HTTP is the protocol that is used by your web browser to retrieve web pages. The most common version is HTTP 1.1. This protocol was published in 1997, so it's pretty old. This isn't necessarily a bad thing, but there were a lot of possibilities to upgrade performance and security. So the new HTTP 2 protocol was published in 2015, which is a lot more advanced than HTTP 1.1.
Why is the new version better? Two of the improvements over HTTP 1.1 are that the server can push extra resources the web browser did not request (for example CSS or JS files) and that it can send multiple resources parallel in one connection. If you want more technical details, check Wikipedia, where you can find more information.
If you want to use HTTP 2, both the server and the client (web browser) need to support and enable the protocol. Most modern browsers do support HTTP 2.
How to enable
Enabling HTTP/2 on Ubuntu 18.04 consists of adding the protocol to the configuration, enabling the module and restarting Apache. It's very easy, just use the following commands (use sudo if you're not root):
echo "Protocols h2 http/1.1" > /etc/apache2/mods-available/http2.conf a2enmod http2 systemctl restart apache2
How to check if it's really enabled
The first option is to use an online HTTP 2 test tool, for example: https://tools.keycdn.com/http2-test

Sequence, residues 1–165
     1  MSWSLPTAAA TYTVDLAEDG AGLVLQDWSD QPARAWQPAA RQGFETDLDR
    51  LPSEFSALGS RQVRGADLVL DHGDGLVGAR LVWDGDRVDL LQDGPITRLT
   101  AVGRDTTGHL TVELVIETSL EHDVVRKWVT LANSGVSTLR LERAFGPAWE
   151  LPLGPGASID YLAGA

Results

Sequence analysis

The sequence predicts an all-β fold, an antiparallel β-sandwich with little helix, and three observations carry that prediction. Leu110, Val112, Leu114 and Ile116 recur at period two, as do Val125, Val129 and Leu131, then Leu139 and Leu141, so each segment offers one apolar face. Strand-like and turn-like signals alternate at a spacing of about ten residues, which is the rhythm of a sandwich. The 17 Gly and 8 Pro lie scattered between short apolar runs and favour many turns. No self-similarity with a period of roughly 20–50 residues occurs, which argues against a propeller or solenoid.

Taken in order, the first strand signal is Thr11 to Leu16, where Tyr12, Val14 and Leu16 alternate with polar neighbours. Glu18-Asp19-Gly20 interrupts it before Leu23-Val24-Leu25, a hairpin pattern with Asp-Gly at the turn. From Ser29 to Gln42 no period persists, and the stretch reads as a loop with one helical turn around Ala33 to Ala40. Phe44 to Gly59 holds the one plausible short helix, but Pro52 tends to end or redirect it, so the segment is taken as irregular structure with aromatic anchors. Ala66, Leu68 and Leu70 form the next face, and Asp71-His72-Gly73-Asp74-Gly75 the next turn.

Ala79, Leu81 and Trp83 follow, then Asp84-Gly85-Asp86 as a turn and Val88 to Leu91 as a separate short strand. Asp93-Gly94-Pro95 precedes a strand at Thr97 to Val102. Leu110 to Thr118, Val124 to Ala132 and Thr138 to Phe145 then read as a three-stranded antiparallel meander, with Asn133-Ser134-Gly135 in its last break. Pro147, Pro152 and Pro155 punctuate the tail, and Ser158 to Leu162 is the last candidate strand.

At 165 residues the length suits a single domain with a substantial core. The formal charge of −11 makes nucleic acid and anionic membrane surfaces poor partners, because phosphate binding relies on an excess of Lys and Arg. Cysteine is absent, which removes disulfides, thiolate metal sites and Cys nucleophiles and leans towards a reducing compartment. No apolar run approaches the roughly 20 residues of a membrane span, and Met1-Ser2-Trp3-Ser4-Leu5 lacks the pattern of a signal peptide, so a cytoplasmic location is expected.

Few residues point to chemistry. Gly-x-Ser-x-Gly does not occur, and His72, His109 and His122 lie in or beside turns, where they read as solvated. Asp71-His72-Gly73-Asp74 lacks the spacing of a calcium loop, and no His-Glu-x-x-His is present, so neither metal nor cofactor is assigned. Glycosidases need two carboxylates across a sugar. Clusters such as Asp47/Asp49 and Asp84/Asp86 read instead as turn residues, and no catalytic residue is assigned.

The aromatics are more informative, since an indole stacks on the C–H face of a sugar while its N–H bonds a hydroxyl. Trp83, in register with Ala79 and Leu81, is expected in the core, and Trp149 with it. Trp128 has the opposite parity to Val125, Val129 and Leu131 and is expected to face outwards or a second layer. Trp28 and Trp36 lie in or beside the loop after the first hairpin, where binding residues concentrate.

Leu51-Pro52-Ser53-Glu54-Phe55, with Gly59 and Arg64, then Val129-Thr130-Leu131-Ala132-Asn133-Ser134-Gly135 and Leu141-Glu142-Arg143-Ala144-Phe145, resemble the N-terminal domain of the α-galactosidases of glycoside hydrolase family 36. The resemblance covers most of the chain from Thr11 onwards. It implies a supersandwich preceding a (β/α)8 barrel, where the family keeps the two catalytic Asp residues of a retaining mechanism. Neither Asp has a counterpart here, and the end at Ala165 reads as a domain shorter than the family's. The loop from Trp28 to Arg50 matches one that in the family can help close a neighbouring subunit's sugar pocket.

The second option is to use the Developer Console in your web browser (for example F12 in Google Chrome), go to the Network tab (make sure the Protocol column is enabled) and visit a website on your web server. It will show something like this, the h2 is HTTP 2:
If it's not working
There are many reasons why connections are still made over HTTP 1.1. For example:
- You need SSL. Although it could work over a normal TCP connection (specify the h2c protocol next to h2), most browsers don't support this, so it's not really useful.
- Some specific SSL Cipher Suite settings can make browsers device to fall back to HTTP 1.1.
- You should use the event MPM, it's not working correctly with prefork.
- If you're running a virus scanner on a Windows system that is scanning all traffic, sometimes it sits between your web browser and the real web server (and doing some fake SSL stuff). If the virus scanner does not support HTTP 2, it will use an HTTP 1.1 connection.
The first thing to try is to make your Apache (and Virtual Host) configuration as simple as possible, but with SSL enabled and a certificate installed. Put comment signs in front of any non-standard SSL settings (such as Cipher Suites). Also, if you have tried enabling HTTP 2 before, check if there are no other Protocols definitions in other places in the configuration. In the example above the configuration is performed globally, but if you also specify Protocols in your Virtual Host, this will override the global configuration.
Feel free to ask them in the comments below!